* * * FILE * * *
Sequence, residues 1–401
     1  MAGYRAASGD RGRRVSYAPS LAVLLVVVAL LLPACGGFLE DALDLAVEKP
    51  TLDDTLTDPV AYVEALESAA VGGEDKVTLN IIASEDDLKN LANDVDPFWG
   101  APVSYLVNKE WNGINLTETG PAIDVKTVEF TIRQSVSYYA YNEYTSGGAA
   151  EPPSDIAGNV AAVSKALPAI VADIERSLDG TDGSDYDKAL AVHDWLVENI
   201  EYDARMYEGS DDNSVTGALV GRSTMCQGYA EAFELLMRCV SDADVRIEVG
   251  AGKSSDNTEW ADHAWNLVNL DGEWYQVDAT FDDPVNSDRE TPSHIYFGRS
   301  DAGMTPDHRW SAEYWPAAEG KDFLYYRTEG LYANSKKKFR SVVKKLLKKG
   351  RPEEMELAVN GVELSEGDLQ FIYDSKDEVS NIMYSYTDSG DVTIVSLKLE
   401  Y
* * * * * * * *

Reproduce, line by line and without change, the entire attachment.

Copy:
Sequence, residues 1–401
     1  MAGYRAASGD RGRRVSYAPS LAVLLVVVAL LLPACGGFLE DALDLAVEKP
    51  TLDDTLTDPV AYVEALESAA VGGEDKVTLN IIASEDDLKN LANDVDPFWG
   101  APVSYLVNKE WNGINLTETG PAIDVKTVEF TIRQSVSYYA YNEYTSGGAA
   151  EPPSDIAGNV AAVSKALPAI VADIERSLDG TDGSDYDKAL AVHDWLVENI
   201  EYDARMYEGS DDNSVTGALV GRSTMCQGYA EAFELLMRCV SDADVRIEVG
   251  AGKSSDNTEW ADHAWNLVNL DGEWYQVDAT FDDPVNSDRE TPSHIYFGRS
   301  DAGMTPDHRW SAEYWPAAEG KDFLYYRTEG LYANSKKKFR SVVKKLLKKG
   351  RPEEMELAVN GVELSEGDLQ FIYDSKDEVS NIMYSYTDSG DVTIVSLKLE
   401  Y